Fairfax briefly shifts its focus to print, promotes the Christmas gifts that keep on giving (for a year, at least)

  • Media
  • November 24, 2015
  • Joshua Riddiford
Fairfax briefly shifts its focus to print, promotes the Christmas gifts that keep on giving (for a year, at least)

Fairfax is putting most of its energy into growing its online audience, and the latest numbers show that's working. But a new TVC advertising subscriptions to its stable of magazines suggests the media company still sees some dollar signs in print. 

In the 30 second clip, created by agency InMotionPost, a range of Fairfax publications catering to diverse interests is panned over while a voice over says, “Magazine subscriptions make great Christmas treats for everyone”.

Paid print subscriptions for Fairfax stable magazine and newspaper titles are available for purchase at the Fairfax-exclusive website mags4gifts.co.nz. And the numbers show magazines are still a popular gift. iSubscribe's managing director Hunter Drinan says it sells subscriptions to over 400 different magazines and Christmas is by far the biggest sales period. 

"Over the course of a year, gifts make up 50 percent of our sales but between November and December this figure goes up to 80-85 percent. In fact, close to half our annual sales are placed in Nov-Dec, so it’s a very seasonal purchase. The other key gifting periods are Mothers Day and Fathers Day but sales for these periods are hugely eclipsed by Christmas sales. We operate sites in Australia and the UK and the pattern is exactly the same." 

Fairfax Media's managing director Simon Tong told StopPress earlier this year that because magazines have been more stable than news that division of the business hadn't been subjected to as much change. But its magazines were consumed by the content hungry beast that is Stuff.co.nz back in July. Lifestyle magazines, NZ Life and Leisure, NZ House and Garden, NZ Gardener and Cuisine were all brought under the category of Life and Style while The Cut and NZ Fishing News slipped into sport and NZ Autocar into the motoring category.

So do media consumption habits change markedly over summer? And how does that affect advertising? Typically, it's seen as a good period for the outdoor players because people are more likely to be outside; newspapers do well as a result of all the retail sales in the lead up to (and post) Christmas; and radio is thought to have a more expensive October-November ratecard due to increased demand among retailers. TV viewership generally drops and so does demand from advertisers. And, anecdotally, casual sales of magazines and newspapers in holiday areas tend to increase, with some publishers adjusting their distribution to allow for this (while there are no doubt a few mags read on beaches, plenty are also read in baches and sales of magazines increase when it rains).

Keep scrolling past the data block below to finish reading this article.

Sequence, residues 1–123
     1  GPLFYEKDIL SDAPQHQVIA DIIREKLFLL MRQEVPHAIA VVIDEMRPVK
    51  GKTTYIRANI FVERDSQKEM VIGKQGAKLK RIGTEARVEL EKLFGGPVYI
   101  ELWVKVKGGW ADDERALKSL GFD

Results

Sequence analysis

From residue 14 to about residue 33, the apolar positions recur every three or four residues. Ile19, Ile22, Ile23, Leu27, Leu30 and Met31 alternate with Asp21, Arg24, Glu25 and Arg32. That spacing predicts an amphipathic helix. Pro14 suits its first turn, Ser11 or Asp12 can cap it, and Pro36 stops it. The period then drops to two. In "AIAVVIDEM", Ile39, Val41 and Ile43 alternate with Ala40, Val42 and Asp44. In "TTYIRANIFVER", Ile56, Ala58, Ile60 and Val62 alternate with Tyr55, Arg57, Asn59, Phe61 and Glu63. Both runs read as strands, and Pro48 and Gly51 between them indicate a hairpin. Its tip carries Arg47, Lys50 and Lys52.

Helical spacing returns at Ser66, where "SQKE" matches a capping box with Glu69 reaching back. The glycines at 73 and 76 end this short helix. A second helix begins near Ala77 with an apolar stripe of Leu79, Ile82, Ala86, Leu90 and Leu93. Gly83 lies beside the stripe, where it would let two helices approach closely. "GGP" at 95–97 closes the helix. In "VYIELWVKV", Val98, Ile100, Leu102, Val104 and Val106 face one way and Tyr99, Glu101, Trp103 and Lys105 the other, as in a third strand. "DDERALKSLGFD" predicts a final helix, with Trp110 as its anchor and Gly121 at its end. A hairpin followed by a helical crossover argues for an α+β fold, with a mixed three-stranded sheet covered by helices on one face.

Alex Lawson, group business director for ZenithOptimedia says media companies do shift their planning during the warmer months as most people naturally want to enjoy being outdoors. While some traditional mediums perform well during this period, media companies now see a big opportunity in the small addictive device we now check 150 times a day.

"There are still traditional mediums that do exceptionally well for us during this period, OOH and magazines come to mind, but the big opportunity that we now have is in mobile. Staying present on the device that most of us can’t bear to be separated from for more than a few minutes is a key consideration for us during this period. With the raft of options to do this that we have we’re pretty well covered."

Lawson's comments echo the observation of MediaWorks' Jono Hutchison who recently told StopPress that short form video must be suitable for mobile phone use as content is increasingly consumed on these devices.

However, Lawson also advises marketers not to overlook the value of traditional channels during the warmer months.

"We do need to be careful that we don’t go too far the other way and ignore those mediums that still serve us well during this time," he says. "For example, it always amazes me that cinema’s biggest audience day is Boxing Day and you can usually get some nice deals on airtime during this period too."   

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